Yours truly is a coach this year, working with a small team to assist Bob Bechtold of the Sarah Heinz House with his pitch for Design House, an after-school program for middle school students that teaches STEM skills to kids when they’re not looking. Through the program, the students are developing the architectural plans for a new bathhouse that will actually be built at their summer camp.
“It’s a big hit with the kids,” Bechtold says. “It’s giving the kids a stake in their camp and a sense of belonging and contribution.” 
Design House will face some stiff competition at the final competition against other equally deserving programs: Strong Women, Strong Girls; Beverly’s Birthdays; Go! A Vehicle of Change; meetPGH; The Saxifrage School; Miracle League of South Hills; Camp COPES; Sustainable Solutions, Catholic Charities Free Health Care Center; and Quest for Wellness and Recovery Employment Project.
"Fast Pitch successfully teaches nonprofit leaders how to develop clear and concise messages to more effectively communicate,” says Elizabeth Visnic, director of social venture partners. ”The skills they gain not only help them to learn how to message their program, they gain immeasurable community support and have an opportunity to win unrestricted funding and prizes."
The Social Innovation Fast Pitch Finals will be held at the Fairmont Hotel on March 6th from 5:30 p.m. to 8:30 p.m. Pop City will bestow a capacity prize at the event, with publisher and editor Tracy Certo serving as a judge. 
Writer: Deb Smit
Source: Elizabeth Visnic, SVP
Image: Chuck Webb, Shepherd's Heart Veteran's Home, 2012 winner

Reduce your Use workshop offered strategies for building a sustainable culture in nonprofits

Is sustainability in your workplace DNA?

It's a question Christine Mondor raised during the Reduce Your Use Workshop sponsored by Pop City and Direct Energy last Friday, Feb. 22. "It's about building a culture around sustainability," says Mondor of evolveEA, an architecture firm owned by Mondor that is known for being envionmentally innovative.

She cited the Pittsburgh Opera for examining ways they could be more environmentally friendly, including even questioning their use of costumes after performance and how they could reuse them. Phipps Conservatory, which is nationally recognized for its culture of sustainability, will question everything, even where its peat moss comes from, says Mondor.

The idea, she says, is to create a culture of sustainability where everyone is more aware of environmental issues and conservation and leadership sets the tone.

It was one of many points brought up at the event which included two other panelists: Kathleen Hower of GlobalLinks and Sam DeStephano of The Community Food Bank of Pittsburgh. All three organizations had participated in the Green Workplace Challenge held by Sustainable Pittsburgh. evolveEA won in its category and the others were runners up.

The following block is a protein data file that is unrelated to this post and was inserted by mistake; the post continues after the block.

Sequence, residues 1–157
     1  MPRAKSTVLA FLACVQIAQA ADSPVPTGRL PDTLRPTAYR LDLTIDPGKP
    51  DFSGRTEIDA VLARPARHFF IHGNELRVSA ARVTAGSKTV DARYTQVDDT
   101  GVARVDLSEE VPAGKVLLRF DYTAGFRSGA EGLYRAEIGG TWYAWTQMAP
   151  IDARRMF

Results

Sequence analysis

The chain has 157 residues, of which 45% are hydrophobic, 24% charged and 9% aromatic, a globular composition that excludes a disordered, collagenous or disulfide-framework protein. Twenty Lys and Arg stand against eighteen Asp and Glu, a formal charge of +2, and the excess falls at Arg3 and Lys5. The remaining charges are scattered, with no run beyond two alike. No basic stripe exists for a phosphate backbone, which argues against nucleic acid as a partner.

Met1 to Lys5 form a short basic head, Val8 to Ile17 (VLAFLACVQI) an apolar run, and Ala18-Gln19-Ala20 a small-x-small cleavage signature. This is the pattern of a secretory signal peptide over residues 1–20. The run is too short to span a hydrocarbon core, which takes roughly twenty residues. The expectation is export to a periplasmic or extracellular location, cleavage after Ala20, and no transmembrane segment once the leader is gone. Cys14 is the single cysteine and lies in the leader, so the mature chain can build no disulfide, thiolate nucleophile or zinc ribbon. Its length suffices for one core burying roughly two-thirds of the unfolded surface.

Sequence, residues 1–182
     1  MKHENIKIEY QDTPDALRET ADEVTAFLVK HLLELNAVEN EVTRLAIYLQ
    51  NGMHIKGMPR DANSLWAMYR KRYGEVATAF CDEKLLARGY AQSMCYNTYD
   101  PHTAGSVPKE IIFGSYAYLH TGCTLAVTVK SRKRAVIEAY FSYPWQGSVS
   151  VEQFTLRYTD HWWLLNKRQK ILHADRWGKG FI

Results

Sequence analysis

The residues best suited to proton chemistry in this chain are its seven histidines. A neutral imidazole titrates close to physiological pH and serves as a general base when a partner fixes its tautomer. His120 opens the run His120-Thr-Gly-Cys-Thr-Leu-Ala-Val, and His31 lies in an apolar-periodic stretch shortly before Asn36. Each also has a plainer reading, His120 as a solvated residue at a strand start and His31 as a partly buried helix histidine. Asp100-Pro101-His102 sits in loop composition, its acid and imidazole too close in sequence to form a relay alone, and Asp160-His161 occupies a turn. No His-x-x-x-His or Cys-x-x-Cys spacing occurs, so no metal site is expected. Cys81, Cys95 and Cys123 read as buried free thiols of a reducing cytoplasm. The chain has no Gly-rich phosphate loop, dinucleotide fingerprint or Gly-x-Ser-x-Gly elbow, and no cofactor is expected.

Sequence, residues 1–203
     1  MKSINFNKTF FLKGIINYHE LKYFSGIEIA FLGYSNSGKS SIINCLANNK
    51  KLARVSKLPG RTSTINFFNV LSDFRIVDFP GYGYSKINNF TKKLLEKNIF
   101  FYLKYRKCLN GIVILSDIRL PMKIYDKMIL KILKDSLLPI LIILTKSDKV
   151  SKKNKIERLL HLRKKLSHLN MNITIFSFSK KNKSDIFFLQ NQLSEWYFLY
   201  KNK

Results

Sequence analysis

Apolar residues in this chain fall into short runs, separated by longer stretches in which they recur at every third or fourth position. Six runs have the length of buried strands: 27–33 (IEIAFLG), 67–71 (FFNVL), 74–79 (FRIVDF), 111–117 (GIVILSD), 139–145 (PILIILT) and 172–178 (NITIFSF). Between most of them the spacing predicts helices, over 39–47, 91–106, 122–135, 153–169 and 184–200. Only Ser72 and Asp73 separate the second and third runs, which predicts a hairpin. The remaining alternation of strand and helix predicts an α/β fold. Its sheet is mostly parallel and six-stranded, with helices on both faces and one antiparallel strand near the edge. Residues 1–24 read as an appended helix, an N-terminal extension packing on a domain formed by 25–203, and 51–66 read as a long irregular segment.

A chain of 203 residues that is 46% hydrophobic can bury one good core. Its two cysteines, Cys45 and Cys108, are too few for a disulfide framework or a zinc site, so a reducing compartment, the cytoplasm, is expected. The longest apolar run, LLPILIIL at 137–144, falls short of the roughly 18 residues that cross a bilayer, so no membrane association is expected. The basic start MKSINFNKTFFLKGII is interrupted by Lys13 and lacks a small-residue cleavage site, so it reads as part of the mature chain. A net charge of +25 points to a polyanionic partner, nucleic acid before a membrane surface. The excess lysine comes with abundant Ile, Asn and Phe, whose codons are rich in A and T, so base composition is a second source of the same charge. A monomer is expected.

Both GlobalLinks and the Food Bank reuse materials as part of their mission. GlobalLinks collects hospital and medical supplies that might otherwise go to a landfill and distributes them to organizations in need around the world. Likewise, the Food Bank collects and redistributes food.

"We're promoting better environmental stewardship with the recovery of materials," says Hower, who notes that their new warehouse is completely skylighted which cuts energy costs. In addition, GlobalLinks employees cut down paper use through double-sided copying and diligently turn off lights that aren't being used.

Both groups credited a Student Conservation Association fellow with educating, training and reminding people to be more mindful of ways to reduce energy costs.

The SCA fellow set up numerous projects, says DeStephano, from LED lights to composting. "The top down support was most important," he said, in getting everyone onboard.

At GlobalLinks they eliminated water bottles and even started a soup day once a week where staff took turns making soup with local ingredients. "Everybody loved it!" says Hower.

Following a discussion from the 18 nonprofits attending the workshop, all groups were invited by Direct Energy to make a short and simple video to discuss ways they've reduced energy costs in their workplaces. The energy company is awarding $2500 to the best ideas. For more info see their site here.

Who's hiring in Pittsburgh? Brunner, Phipps, PNC and more

Each week Pop City reports the latest news in company hiring.
Pittsburgh downtown ad agency Brunner is hiring 10 people for a variety of positions: application developer, art director, copywriter, digital project manager, junior digital designer, part-time publicist, senior project manager, ex/digital/mobile designer, vp of social media and a web analyst.
PNC Bank has career opportunities in a multitude of positions across several departments for: supervisors, senior investment advisors, marketing business analysts, finance analysts, mortgage analysts, tax supervisors, senior accountants and more.
Wexford-based Lucas Systems, a software company that provides a voice-based headset system for warehouse and logistics tasks, is hiring four people and looking for two interns. The positions include: product engineers, a software engineer and software support engineer and two internships in software support and software engineering.